Films by Columbia Alumnae Win Big at Palm Springs Film Festival

BY Nina Mahesh, February 5, 2020

Still from Cancion Sin Nombre (Song Without a Name), written & directed by Melina León '08, image courtesy of The Hollywood Reporter

 

Columbia alumnae Melina León '08 and Elisa Lleras '11 were both honored at the 2020 Palm Springs International Film Festival in early January.

 

Peruvian director León received the New Voices/New Visions Award for her investigative drama Cancion Sin Nombre (Song Without a Name). The award recognizes unique viewpoints from first or second time filmmakers.

 

Cancion Sin Nombre (Song Without a Name) is León’s depute film and premiered worldwide at the Directors’ Fortnight in Cannes to great praise. The Hollywood Reporter called it “visually striking” and “beautifully composed,” going on to say that “Leon seems firmly in command of the material, bringing a strong voice and an even stronger eye to this Kafka-esque tale of low crimes and high-level corruption.”  Variety said, “León’s world-building remains mesmerizing, steeped as it is in local lore, rituals and haunting traditional music.”

 

The film follows the heavily pregnant Andean peasant woman, Georgina, who is lured to a fake health clinic that promises “medical assistance.” Once the baby is delivered she is pushed out and told to return the next day for the baby. But overnight the clinic and her baby disappear. Turned away or ignored by hostile police and indifferent government bureaucrats, Georgina finally turns to a newspaper reporter, Pedro Campos, for help. Pedro leads an investigation of fake clinics, corrupt medics and professional baby smugglers.

 

Cancion Sin Nombre (Song Without a Name) is based on a screenplay León started at Columbia inspired by a true account of child trafficking originally reported by Ismael León, her father. The film won Faculty Selects at CUFF 2008. León is a Peruvian director based in Lima and New York. Her short film El paraíso de Lili (Lili’s Paradise) premiered at the New York Film Festival and won 11 awards, including Best Latin American Film at the São Paulo International Short Film Festival.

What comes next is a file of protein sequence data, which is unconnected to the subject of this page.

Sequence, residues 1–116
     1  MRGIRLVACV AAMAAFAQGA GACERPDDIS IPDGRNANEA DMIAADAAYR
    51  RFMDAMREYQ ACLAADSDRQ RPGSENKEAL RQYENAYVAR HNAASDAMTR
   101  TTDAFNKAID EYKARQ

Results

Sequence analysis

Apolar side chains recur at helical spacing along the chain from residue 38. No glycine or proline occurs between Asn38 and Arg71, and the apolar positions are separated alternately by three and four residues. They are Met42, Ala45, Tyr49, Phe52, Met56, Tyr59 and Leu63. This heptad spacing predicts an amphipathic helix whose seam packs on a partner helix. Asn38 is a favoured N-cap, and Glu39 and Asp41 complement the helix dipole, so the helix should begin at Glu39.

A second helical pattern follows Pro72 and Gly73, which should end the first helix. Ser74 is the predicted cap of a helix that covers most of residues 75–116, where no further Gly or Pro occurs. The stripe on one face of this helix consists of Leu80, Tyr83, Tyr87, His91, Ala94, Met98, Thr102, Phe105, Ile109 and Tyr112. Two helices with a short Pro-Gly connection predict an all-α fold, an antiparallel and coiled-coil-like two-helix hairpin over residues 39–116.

Still from Tu Me Manques, produced by Elisa Lleras '11, image courtesy of Variety

 

Another Columbia alumna, Elisa Lleras co-produced, Tu Me Manques, which was selected as one of the Best of Fest.

 

Tu Me Manques follows a man who goes to New York after the suicide of his son, to confront his son’s boyfriend, played by Bolivian actor Fernando Barbosa. While the two men clash over the father’s inability to understand his son’s sexuality, the boyfriend stages a play to pay tribute to his lost love.

 

Tu Me Manques film won the Grand Jury Prize for Best Screenplay at L.A.’s Outfest where it had its world premiere. Rodrigo Bellott, writer, director and fellow co-producer, wrote the screenplay, originally a play, in response to the real-life tragedy of losing a partner with an unaccepting father to suicide. As a play, it was only meant to run one night, but went on for months due to unprecedented popularity. Even more notable, the play had such a large impact on Bolivian society that it led to the inclusion of the LGBTQ community in Bolivia’s anti-discrimination law. Its Supreme Court declared May 17 as National Day Against Homophobia in Bolivia.

 

The Palm Spring Film Festival was held from January 2-13, and screened 192 films from 81 countries.